• A person who is a fugitive from justice.  Any person who has fled from any State to avoid prosecution for a crime or to avoid giving testimony in any criminal proceeding.
    • An unlawful user of, or person addicted to a controlled substance. This is a confusing category. The regulations define this, in part, as: “A person who uses a controlled substance and has lost the power of self-control with reference to the use of controlled substance; and any person who is a current user of a controlled substance in a manner other than as prescribed by a licensed physician.  This may be an expanding area of criminal law.
    • A person adjudicated as a mental defective or who has been admitted to a mental institution. The regulations define this as people whose mental health condition rendered them incompetent or not criminally responsible as part of a criminal case. It also includes those who have “been determined by a court, board, commission, or other lawful authority that a person, as a result of marked subnormal intelligence, or mental illness, incompetency, condition, or disease is a danger to himself or to others or lacks the mental capacity to contract or manage his own affairs.  This includes anyone who has been involuntarily committed by the court.
    • An alien who is unlawfully in the United States or who has been admitted to the United States under a nonimmigrant visa.
    • A person who has been discharged from the Armed Forces under dishonorable conditions.
    • A person who, having been a citizen of the United States, renounces his citizenship.
    • A minor under the age of 18 for the purchase of a shotgun or riflePersons less than 21 years of age for the purchase of a firearm that is other than a shotgun or rifle.


Offenses that Will Prevent You from Obtaining an Ohio Conceal Carry Permit 

If you are convicted of any of the offenses that would ban you to own or posses a firearm under federal law, those charges will also prevent you from obtaining a conceal carry permit.  In addition, there are certain misdemeanors in Ohio that will prevent you from obtaining a conceal carry permit as well. 

  • A misdemeanor drug conviction under R.C. 2925 (including marijuana) will prevent you from obtaining an Ohio CCW.  A minor misdemeanor marijuana conviction will not prevent you from obtaining an Ohio CCW.
  • pending misdemeanor drug charge under R.C. 2925 that involves a drug of abuse (including marijuana) will prevent you from obtaining an Ohio CCW.
  • Disorderly conduct:  If you were charged with domestic violence and it was reduced to a disorderly conduct involving some threat of harm or violence (e.g. R.C. 2917.11(A)(1)), you may still face a federal weapons disability even if the disorderly conduct charge was expunged. ***
  • Misdemeanor Offenses of Violence: Being convicted of or charged with certain “offenses of violence” will prevent you from obtaining a conceal carry permit in Ohio.  In addition, being convicted of attempt or conspiracy to commit an offense of violence will also bar you from obtaining a CCW in Ohio.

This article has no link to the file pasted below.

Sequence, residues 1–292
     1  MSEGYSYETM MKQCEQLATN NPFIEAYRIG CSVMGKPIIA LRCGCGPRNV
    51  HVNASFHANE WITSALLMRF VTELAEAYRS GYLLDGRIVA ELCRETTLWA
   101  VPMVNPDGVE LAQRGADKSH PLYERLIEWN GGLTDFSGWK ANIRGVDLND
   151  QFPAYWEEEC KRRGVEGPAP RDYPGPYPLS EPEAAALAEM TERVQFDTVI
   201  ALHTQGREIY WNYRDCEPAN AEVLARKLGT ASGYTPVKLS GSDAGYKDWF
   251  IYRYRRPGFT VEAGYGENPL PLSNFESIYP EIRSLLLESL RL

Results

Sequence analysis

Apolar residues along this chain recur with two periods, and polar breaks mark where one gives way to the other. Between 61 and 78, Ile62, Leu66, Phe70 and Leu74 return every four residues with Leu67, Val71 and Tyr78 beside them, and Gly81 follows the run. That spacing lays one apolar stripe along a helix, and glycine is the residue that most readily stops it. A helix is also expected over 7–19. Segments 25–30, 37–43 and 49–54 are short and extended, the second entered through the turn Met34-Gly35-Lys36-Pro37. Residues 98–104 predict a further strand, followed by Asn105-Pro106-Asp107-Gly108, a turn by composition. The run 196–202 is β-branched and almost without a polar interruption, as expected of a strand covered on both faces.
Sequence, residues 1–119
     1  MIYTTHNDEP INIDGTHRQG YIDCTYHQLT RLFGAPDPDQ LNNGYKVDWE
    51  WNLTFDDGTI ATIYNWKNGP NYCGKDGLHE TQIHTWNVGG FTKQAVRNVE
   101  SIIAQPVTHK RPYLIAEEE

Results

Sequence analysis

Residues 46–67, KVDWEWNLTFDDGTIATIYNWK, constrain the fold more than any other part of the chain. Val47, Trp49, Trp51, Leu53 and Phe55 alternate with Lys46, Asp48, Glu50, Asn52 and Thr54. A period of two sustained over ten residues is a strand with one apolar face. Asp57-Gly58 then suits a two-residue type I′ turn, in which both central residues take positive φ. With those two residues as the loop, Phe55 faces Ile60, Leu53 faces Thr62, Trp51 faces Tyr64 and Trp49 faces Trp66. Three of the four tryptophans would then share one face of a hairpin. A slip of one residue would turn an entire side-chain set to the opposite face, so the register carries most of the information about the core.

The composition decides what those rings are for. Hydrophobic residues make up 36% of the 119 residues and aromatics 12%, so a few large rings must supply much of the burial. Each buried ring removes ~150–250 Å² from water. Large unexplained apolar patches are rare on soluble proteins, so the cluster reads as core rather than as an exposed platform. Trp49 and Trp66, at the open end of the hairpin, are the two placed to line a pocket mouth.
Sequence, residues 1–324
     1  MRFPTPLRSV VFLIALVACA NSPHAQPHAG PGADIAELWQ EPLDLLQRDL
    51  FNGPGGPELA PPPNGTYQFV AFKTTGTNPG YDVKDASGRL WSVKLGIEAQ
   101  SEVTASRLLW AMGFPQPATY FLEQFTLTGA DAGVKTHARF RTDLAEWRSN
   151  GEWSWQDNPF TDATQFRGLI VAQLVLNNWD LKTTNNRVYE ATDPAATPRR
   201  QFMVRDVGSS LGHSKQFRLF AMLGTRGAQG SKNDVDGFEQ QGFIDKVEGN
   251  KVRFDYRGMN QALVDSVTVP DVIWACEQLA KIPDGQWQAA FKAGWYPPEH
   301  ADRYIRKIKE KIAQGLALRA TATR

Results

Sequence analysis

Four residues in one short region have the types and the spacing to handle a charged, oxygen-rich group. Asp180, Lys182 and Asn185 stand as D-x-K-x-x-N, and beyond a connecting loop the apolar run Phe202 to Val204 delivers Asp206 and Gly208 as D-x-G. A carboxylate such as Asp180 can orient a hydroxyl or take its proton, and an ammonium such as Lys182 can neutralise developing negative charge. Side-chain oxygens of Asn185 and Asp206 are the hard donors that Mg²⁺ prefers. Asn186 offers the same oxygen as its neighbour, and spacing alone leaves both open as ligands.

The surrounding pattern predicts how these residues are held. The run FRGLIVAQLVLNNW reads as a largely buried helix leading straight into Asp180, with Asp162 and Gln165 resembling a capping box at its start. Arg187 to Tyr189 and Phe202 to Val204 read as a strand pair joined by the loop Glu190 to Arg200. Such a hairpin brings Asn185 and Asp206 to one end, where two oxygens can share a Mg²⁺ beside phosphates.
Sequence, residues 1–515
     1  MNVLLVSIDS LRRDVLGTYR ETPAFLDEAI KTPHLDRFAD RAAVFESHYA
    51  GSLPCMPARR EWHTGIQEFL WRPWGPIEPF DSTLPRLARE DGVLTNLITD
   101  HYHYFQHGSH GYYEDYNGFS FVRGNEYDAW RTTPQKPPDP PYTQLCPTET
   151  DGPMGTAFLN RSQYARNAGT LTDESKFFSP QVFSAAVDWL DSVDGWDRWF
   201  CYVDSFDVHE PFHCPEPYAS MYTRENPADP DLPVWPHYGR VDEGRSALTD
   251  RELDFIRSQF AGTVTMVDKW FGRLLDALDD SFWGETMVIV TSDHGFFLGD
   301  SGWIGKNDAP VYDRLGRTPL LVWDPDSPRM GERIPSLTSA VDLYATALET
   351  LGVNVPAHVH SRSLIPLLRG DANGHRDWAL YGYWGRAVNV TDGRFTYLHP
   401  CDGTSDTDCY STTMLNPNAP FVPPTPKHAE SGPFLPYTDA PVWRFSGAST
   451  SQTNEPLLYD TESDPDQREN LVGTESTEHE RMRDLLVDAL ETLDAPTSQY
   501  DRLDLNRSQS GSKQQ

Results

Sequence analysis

The following offenses carry a 3 year ban on obtaining a conceal carry permit:

  • Assault (when victim is not a peace officer)
  • Menacing
  • Child Endangerment
  • Negligent Assault:  If you have a pending negligent assault charge, you are barred from obtaining a conceal carry permit.  A conviction, however, will not affect your ability to obtain a CCW. 
  • Resisting Arrest: If you have been convicted of resisting arrest, you are barred from obtaining an Ohio CWW for 10 years after the date of the conviction.
  • Assault Where Victim is a Peace Officer:  If you have been convicted of assault where the victim was a police officer or other peace officer, you are barred from obtaining an Ohio CWW for 10 years after the date of the conviction.


***This is a complicated question for the following reasons: Under Ohio Law assuming all of your rights are restored you are eligible for a concealed carry permit. However, under Ohio's concealed carry law the sheriff of the county in-which you live has the sole discretion of determining whether or not to grant your permit. This means he/she can deny your permit even though your case is expunged. The complicated part comes in under federal law there is no restoration process for firearms rights. This means that the federal government does not recognize your expungement and therefore you would not be permitted to own, possess, or carry a firearm. The federal prosecutors have agreed atleast for the time being to not prosecutor cases in Ohio when Ohio has restored your right. They have deferred to Ohio legislature and courts for now. This is not saying that this could not change with an administration change. The short answer is you could try but may not be granted the permit depending on the Sheriff.

Prohibited Weapons

It’s a fifth degree felony in Ohio to possess any of the following weapons (called “dangerous ordinances” in state law):

  • automatic and sawed-off firearms
  • ballistic knives
  • explosives
  • bombs, rocket launchers, grenades, mines, or other military weapons and ammunition; and
  • silencers, unless they’re attached to guns that are authorized for hunting.


Categories: Gun Offenses